Mackintosh was born and educated in Glasgow, Scotland. In spite of his rumored dyslexia he was a good student and won numerous awards including the Alexander wall laser cut maps Thomas Traveling Scholarship for the "furtherance of the study of ancient classical architecture..." which took him to France, Belgium and Italy in 1890. Ironically by this time, he had come to regard Classical architecture as 'foreign in spirit and far away' and totally inappropriate for the climate of Scotland.
In 1884 he commenced evening classes at the Glasgow School of Art while apprenticing for the architect John Hutchinson (1841-1908). In laser cut maps 1989, the awards brought him to the attention of the newly formed architectural partnership if John Honeyman (1831-1914) and Keppie who recognized his exceptional skill as a draughtsman. He was to remain with the firm for twelve years, eventually being appointed lead designer until a combination of events culminated in his leaving the firm in 1914.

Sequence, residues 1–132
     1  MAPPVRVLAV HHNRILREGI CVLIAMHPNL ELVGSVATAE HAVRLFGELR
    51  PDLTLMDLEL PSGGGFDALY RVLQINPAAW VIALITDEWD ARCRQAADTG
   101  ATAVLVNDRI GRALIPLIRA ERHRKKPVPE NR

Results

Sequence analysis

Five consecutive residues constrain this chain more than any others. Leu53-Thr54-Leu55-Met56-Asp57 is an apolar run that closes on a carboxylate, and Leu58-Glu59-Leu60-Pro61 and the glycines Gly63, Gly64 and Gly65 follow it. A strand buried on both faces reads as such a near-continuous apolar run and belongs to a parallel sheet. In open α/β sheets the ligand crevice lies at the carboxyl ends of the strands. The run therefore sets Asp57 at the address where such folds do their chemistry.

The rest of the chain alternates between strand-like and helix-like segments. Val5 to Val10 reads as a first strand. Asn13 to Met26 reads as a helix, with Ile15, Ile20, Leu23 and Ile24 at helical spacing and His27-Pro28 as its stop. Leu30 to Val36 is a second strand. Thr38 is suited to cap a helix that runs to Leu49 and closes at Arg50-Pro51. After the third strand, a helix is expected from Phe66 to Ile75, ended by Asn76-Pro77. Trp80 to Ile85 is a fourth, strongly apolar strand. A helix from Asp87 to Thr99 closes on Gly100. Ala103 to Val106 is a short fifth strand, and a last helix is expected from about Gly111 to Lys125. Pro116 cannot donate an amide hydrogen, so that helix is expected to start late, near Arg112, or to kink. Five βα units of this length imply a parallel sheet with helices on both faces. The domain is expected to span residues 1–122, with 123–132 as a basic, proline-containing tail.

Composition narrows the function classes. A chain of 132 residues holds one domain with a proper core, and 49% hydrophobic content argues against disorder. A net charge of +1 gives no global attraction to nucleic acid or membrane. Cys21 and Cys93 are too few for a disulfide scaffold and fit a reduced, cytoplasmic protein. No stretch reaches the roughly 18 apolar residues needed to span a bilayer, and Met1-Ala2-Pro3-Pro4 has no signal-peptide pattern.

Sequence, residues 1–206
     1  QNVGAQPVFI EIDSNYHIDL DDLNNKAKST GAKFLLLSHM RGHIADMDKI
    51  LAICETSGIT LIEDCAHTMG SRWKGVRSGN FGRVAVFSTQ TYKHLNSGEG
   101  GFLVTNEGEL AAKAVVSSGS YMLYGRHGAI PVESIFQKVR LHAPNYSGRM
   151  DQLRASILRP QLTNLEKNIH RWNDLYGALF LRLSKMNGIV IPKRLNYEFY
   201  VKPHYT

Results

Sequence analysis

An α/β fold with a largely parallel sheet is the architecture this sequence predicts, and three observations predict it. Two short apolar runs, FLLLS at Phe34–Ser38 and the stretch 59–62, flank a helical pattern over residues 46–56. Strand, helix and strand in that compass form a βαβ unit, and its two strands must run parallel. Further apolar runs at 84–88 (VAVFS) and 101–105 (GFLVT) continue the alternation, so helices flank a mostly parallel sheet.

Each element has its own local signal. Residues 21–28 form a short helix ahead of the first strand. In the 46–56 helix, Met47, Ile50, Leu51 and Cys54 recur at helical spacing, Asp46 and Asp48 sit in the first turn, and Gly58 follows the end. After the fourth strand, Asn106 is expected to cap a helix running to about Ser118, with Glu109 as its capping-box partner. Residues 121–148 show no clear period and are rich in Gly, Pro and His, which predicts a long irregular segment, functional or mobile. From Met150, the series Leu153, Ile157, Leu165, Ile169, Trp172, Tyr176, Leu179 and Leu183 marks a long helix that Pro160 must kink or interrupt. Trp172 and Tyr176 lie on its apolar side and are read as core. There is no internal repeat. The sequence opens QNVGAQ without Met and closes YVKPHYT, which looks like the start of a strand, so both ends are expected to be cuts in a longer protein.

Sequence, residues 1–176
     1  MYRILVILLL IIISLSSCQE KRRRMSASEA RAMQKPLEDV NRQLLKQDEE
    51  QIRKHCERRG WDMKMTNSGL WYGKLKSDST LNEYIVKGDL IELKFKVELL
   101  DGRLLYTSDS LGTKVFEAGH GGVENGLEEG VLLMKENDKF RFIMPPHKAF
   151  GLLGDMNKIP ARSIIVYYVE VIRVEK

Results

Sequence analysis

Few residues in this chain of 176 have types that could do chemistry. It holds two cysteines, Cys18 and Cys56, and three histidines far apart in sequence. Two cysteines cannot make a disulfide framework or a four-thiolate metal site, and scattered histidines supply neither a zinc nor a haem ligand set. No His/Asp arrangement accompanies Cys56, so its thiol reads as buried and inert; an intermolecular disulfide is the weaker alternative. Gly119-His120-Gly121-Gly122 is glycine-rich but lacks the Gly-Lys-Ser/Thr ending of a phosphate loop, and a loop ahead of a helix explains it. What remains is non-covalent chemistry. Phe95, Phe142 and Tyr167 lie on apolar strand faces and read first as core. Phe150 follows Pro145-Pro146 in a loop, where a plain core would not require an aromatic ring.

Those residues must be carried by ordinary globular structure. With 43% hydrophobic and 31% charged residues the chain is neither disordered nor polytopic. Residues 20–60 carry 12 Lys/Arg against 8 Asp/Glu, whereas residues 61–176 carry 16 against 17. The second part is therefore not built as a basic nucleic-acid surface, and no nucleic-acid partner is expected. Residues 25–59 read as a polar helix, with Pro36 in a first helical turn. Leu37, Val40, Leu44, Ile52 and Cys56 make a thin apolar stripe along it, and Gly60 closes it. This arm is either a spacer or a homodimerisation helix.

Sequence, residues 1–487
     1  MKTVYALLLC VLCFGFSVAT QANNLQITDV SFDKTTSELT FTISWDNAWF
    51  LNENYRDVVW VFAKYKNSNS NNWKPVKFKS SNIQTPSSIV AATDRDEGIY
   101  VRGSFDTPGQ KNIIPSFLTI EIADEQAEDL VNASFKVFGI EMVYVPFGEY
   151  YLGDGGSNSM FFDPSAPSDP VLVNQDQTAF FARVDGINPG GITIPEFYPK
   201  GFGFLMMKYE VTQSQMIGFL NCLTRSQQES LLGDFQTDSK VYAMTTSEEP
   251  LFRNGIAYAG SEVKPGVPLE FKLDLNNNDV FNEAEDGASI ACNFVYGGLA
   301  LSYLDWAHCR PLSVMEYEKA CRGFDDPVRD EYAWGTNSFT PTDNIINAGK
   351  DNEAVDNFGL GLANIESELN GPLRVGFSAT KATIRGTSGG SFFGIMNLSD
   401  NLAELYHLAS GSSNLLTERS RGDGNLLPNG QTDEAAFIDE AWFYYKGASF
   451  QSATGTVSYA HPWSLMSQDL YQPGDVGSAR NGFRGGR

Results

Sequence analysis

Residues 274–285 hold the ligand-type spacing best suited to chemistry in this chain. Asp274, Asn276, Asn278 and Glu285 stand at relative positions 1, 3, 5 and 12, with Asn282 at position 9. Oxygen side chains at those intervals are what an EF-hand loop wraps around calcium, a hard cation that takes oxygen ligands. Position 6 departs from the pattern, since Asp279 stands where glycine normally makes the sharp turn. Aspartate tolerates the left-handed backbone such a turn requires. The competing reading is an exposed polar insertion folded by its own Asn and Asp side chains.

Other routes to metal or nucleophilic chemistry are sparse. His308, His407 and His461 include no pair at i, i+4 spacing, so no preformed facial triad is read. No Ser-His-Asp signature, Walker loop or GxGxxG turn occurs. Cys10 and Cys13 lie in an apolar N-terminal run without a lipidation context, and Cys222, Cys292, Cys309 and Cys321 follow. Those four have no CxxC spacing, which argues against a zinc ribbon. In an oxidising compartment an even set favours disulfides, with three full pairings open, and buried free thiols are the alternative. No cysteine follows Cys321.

During his time with Honeyman and Keppie, he continued to win design competitions. In 1896 the firm won a competitions to design a new building for the Glasgow School of Art which was to become one of Mackintosh's most important works in which his singular style became internationally laser cut topographical maps acclaimed.